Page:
Now, as far as Pathfinder Kingmaker’s implementation of the ruleset goes there are some mitigating circumstances. First is that Owlcat do their best to ameliorate the complexity by giving literally every single number in the game — from the character sheet to the combat log — an incredibly detailed tooltip that tells you exactly how that number was calculated. While this is a good thing for any RPG to do it’s absolutely essential for Kingmaker and I don’t think the game would even work without them; nevertheless it’s pleasing that Owlcat have recognised this and have gone into such detail while keeping things relatively presentable. A second related point is that they’ve chosen to represent the class progression for Pathfinder’s ridiculous number of classes and subclasses visually; clicking on any of them during character creation or level up will bring up a chart that progresses from left to right through levels 1-20, with each class ability that unlocks at each level clearly marked (and with an accompanying tooltip that tells you what it does). This doesn’t make the more complicated classes any easier to decipher — I still couldn’t tell you how the hell a Kineticist works despite having walked around with one in my party for a couple of hours — but it does at least let you make informed decisions around planning your character builds for the conventional ones. And third is that during their year of frantic patching they’ve added a respec option so that you can never permanently fuck up your characters; this has an increasing cost attached to it which I usually dislike because it discourages experimentation, but in this case it doesn’t matter because past the game’s halfway point you’ll have more money than God anyway.
As to the combat encounters themselves… well, if you’ve played Baldur’s Gate 2 you’ll probably remember tussling with the vampires in Akathla, who inflict Level Drain with every hit. This is absolutely punishing when you’re new to the game and have no idea how things work and the vampires will tear your party apart in short order. However, for experienced players those same fights are an absolute joke because we know to either equip an item or grant a spell that grants Negative Plane Protection beforehand, which nullifies Level Drain and turns the vampires into not-particularly-effective brawlers. It’s knowing that interaction between buffs and debuffs that turns the encounter, and the exact same is true of Kingmaker’s encounter design. Just like those vampires in BG2, Kingmaker has a peculiar love of spells and monsters that inflict ability and level drain. And just like BG2 these monsters can be rendered all but harmless by casting the right spell beforehand (there’s far fewer massively OP items that grant permanent status effects in Kingmaker, although they do exist). Curiously this is one place where Kingmaker’s tooltips fall down as it doesn’t distinguish between stats that have been drained by poison versus stats that have been drained by undead, and its spell descriptions have been lifted directly from the Pathfinder ruleset too, so it was only because I’ve read the Baldur’s Gate manual that I know the spell Delay Poison actually means “total immunity to poison” and that casting it on my group before fighting giant spiders or spider swarms would make my life a hell of a lot easier. That doesn’t work for undead, though, who need Death Ward instead.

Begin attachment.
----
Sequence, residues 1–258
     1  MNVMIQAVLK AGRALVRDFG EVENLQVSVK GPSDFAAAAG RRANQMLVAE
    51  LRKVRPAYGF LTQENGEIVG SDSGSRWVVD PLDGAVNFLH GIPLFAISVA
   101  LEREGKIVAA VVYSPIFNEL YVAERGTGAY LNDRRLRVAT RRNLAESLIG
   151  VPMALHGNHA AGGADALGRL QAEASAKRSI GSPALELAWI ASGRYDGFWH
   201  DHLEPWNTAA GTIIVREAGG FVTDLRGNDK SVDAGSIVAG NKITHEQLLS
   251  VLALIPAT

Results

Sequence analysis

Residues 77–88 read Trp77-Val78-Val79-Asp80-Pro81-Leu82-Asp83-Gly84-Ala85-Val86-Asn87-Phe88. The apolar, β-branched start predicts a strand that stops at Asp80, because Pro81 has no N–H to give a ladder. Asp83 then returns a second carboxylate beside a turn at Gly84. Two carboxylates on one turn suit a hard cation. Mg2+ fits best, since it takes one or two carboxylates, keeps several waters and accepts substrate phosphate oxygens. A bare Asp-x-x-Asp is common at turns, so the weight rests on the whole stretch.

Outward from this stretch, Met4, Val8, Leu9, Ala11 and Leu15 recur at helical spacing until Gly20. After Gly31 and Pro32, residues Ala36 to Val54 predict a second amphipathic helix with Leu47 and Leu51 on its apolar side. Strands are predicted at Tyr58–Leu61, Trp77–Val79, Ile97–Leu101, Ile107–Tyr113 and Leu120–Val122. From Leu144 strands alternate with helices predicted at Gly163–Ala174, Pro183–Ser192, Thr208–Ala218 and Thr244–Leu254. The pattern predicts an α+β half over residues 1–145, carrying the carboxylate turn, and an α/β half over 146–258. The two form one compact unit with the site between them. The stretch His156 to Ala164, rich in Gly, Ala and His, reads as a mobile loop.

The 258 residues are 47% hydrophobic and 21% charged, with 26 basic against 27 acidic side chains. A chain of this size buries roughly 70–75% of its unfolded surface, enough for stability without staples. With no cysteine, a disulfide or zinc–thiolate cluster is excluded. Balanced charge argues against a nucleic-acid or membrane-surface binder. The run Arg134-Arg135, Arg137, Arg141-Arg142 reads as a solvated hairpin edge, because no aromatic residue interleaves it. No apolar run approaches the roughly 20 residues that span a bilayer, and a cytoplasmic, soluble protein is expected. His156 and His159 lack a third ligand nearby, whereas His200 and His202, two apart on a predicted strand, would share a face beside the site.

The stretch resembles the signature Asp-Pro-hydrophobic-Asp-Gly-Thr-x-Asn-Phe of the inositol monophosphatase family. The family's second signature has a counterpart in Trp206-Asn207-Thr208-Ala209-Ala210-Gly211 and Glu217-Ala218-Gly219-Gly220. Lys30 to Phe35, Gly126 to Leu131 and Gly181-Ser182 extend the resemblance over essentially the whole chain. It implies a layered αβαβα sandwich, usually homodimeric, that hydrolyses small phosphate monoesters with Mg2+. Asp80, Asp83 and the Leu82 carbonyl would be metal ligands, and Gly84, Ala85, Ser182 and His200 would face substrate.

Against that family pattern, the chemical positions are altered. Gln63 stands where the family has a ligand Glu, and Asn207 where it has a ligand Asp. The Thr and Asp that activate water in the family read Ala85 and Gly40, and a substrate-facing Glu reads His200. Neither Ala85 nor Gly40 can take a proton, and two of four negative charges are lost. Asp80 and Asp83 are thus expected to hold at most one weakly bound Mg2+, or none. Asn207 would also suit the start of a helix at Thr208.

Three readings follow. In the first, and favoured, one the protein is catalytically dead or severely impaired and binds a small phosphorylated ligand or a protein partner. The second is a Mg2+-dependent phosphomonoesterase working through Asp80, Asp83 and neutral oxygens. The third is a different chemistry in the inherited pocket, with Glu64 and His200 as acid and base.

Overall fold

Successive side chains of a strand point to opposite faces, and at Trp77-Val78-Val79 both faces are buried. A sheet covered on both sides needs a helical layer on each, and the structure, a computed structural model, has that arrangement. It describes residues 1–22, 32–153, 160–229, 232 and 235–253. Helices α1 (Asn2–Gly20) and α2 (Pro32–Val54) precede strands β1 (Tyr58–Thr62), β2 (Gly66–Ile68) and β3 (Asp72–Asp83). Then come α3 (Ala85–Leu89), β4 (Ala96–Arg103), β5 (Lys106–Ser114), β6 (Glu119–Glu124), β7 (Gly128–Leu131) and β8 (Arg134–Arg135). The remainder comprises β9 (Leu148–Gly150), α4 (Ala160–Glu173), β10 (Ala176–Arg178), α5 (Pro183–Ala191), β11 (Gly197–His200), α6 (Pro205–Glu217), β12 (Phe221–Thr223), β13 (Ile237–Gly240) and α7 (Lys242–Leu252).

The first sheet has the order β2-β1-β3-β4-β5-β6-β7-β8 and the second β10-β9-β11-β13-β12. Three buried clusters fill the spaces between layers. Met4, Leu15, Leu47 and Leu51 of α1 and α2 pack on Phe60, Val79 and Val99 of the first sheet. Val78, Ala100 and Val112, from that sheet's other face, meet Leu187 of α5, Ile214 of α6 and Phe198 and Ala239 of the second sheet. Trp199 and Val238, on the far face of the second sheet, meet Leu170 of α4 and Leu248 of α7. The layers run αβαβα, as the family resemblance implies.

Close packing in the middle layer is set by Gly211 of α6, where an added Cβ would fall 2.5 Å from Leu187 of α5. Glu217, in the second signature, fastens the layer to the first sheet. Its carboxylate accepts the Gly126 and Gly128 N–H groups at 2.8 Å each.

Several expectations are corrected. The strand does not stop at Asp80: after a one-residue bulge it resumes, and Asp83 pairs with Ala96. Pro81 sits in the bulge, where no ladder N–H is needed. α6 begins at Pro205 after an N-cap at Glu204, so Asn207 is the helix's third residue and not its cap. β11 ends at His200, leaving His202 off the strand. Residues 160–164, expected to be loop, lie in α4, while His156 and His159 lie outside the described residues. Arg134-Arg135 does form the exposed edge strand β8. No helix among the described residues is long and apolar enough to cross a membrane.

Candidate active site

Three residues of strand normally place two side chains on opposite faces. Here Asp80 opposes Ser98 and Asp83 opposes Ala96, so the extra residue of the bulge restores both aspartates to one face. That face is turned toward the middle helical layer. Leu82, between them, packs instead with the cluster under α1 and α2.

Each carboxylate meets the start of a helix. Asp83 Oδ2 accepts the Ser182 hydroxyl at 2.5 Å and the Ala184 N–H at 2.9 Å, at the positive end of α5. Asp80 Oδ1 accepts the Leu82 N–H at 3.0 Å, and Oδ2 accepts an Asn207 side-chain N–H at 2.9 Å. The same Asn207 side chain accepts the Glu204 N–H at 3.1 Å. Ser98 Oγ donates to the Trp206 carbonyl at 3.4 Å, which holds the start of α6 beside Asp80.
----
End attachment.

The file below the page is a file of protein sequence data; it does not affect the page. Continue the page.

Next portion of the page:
Most other debuffs in the game have counters like this and when you inevitably run into a monster that inflicts a new status effect that crushes you — and you will, many times — it’s inevitably followed by a period of studying your Cleric spellbook to see if there’s some counterspell available. Monster casting Charm on your party? You need to buff your Will save into the stratosphere. Getting caught by Web traps a lot? A Free Action spell will sort that right out. Sometimes you’re up against a monster that hits really really hard against single target or a huge mob that will overrun your fighters, which is a great time to throw a few summoned skeletons into the fray to draw some fire away from your party — one edge Kingmaker has over Baldur’s Gate is that monster summons are actually pretty damn powerful and remain so throughout the game. Sometimes you’re fighting monsters who have a particular love of chucking Lightning or Fire spells around, but casting a Resist Energy spell beforehand will soak up much of the damage. Slowly Kingmaker hammers the lesson home: buffs are your friend in the Pathfinder ruleset, and while some of them are subject to the same annoying stat stacking rules as items (so casting Bull’s Strength on the party is eventually pointless as you’ll have items that provide an equivalent Strength bonus for free) the majority of them such as Haste and Displacement are always useful. The big fights in Kingmaker are always preceded by a thirty-second buffing period where your mages and clerics juice up your frontline fighters with magic drugs before sending them forth to fight some terrifying undead monstrosity, and the wide range of spells and classes mean there’s a surprising variety of tactics available to you once you’ve levelled up a bit.